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2019: What Technology Matters for Older Adults

In 2018, technology utilization grew – so did frustrations.  While Internet and social media technology use has plateaued over all age ranges, Facebook still has captured only 41% of the 65+.  Pew’s data showed that smartphone ownership still has not overtaken cellphones among the 65+.   In early 2019, AARP Research published a technology survey taken in 2018 which showed ownership of smartphones growing to 65% of the 65+.  However, that same survey revealed low trust in online safety, and generally low trust in institutions to keep their personal data safe, a justified worry, given the number of data breaches that occurred during 2018.

Competitions among innovators were held and won.  2018 was a banner year for competitions in the age-related categories.  ElliQ from Intuition Robotics won Best of Innovation at CES 2018. Embodied Labs (a VR offering) won AARP’s innovation pitch in October and Wavelet Health won the Silicon Valley Boomer Venture Summit Business Plan competition. Ohmni Labs won the Global Startup Competition at Aging 2.0.   An Optimal Aging competition in Boston included several tech-enabled offerings as winners. RideRite, a bicycle handlebar designed by Virginia Tech students won a Stanford Longevity challenge.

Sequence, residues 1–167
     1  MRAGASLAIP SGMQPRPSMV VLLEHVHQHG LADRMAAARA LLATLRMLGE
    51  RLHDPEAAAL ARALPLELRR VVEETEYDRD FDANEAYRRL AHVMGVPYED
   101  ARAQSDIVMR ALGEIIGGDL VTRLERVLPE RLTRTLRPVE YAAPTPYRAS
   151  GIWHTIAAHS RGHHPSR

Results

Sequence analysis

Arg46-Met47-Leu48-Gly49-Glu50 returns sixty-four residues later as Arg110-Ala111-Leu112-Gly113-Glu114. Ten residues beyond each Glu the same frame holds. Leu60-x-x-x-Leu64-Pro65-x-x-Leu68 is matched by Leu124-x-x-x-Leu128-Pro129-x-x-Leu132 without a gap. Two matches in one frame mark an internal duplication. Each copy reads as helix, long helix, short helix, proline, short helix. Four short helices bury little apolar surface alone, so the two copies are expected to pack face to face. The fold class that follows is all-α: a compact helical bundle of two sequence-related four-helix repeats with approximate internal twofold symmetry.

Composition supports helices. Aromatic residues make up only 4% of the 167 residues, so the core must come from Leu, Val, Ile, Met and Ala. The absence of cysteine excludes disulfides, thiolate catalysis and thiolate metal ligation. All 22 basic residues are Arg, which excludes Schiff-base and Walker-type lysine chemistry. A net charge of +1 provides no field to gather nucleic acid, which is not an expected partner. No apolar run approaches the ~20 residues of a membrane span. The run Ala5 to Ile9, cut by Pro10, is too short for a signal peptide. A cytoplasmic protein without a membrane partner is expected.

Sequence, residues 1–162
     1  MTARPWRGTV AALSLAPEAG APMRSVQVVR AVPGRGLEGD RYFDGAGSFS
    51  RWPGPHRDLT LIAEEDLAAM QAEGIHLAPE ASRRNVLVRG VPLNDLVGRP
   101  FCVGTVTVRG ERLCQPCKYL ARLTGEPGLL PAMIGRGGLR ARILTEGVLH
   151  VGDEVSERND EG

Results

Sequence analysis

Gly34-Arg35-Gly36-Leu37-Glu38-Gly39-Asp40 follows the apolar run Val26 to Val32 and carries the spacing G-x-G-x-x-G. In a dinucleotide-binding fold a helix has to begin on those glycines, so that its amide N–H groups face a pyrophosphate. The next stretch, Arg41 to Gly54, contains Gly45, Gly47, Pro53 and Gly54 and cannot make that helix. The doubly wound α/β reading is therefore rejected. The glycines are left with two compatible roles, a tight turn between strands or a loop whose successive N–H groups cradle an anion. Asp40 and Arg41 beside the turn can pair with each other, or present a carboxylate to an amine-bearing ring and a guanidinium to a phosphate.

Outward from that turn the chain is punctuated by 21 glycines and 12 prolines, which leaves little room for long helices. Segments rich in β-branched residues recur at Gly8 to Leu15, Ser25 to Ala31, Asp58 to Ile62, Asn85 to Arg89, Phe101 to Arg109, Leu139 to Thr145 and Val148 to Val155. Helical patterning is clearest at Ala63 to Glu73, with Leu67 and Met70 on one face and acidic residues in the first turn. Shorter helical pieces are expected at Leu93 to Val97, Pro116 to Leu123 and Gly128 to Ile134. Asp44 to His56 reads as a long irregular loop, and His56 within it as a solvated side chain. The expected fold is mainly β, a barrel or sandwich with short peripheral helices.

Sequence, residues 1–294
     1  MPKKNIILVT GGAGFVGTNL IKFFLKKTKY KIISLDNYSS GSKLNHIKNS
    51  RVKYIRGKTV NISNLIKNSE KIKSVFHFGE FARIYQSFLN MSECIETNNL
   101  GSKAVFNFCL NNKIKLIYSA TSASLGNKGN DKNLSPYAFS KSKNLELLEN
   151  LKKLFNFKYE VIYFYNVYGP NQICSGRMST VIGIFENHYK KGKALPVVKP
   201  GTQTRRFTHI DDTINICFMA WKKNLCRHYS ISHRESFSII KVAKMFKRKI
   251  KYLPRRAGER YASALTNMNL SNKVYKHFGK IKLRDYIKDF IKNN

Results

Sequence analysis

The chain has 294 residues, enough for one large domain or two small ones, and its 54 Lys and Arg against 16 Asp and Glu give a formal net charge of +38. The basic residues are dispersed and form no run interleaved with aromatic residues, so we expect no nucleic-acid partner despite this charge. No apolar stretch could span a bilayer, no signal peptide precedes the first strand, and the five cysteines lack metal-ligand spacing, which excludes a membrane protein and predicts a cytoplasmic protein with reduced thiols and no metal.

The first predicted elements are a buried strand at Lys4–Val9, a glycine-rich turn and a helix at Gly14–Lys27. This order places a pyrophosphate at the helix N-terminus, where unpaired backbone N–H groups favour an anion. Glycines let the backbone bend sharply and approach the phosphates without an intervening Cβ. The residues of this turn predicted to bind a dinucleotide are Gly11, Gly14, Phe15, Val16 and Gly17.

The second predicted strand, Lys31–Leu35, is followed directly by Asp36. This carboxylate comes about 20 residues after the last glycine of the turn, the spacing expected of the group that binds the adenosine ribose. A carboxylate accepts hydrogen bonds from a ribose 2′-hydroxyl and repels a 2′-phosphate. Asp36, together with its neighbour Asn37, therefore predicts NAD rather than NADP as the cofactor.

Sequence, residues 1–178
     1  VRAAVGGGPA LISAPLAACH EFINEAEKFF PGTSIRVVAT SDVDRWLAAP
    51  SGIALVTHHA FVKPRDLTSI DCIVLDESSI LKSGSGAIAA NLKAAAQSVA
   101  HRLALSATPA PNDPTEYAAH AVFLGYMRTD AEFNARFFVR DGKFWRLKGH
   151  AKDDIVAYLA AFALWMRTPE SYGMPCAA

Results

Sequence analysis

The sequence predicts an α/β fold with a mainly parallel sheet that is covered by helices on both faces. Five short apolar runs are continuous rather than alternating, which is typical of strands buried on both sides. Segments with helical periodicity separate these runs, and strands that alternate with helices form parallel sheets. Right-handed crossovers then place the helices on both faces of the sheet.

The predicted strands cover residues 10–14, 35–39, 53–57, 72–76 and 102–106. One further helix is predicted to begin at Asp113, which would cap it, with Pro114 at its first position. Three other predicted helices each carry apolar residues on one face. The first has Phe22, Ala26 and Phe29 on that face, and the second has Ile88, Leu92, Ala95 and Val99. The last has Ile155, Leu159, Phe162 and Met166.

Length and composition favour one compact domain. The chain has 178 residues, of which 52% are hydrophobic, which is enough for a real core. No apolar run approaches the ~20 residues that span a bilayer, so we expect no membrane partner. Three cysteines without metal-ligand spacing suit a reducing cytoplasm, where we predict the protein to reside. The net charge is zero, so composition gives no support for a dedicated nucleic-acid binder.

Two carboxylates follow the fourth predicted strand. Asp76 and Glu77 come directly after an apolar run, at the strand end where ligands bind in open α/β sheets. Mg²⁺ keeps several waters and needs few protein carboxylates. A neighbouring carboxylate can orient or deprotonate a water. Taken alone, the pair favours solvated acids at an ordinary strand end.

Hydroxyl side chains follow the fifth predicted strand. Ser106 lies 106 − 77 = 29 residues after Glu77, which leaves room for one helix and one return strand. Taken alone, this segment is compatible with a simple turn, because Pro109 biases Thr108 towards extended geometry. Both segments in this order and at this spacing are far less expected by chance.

Competition among Voice First tech giants were waged – did anyone win?  CES 2018 top competitor battle was between Amazon Alexa and Google Assistant. Spoiler alert, it was even more wacko at CES 2019.  Market share numbers were tossed around toward the end of 2018. Some thought was given to including Apple’s Siri, not an overachiever at that time. And Sonos  (Best Sound) will likely appear in 2019 bakeoffs, along with the distant but scrappy Bixby.

The 10-year anniversary of the Market Overview of Technology for Aging in Place. This annually-updated report will be reviewed during the next few weeks for what has changed; what no longer matters; and what firms, including startups, may matter over the next year to the older adult market segments.  If you have thoughts – please bring them forward about any new offerings in the categories of communication and engagement, home safety and security, health and wellness, learning and contribution, dementia care, home care, and caregiving apps. And if you think categories are missing or no longer matter, please speak up!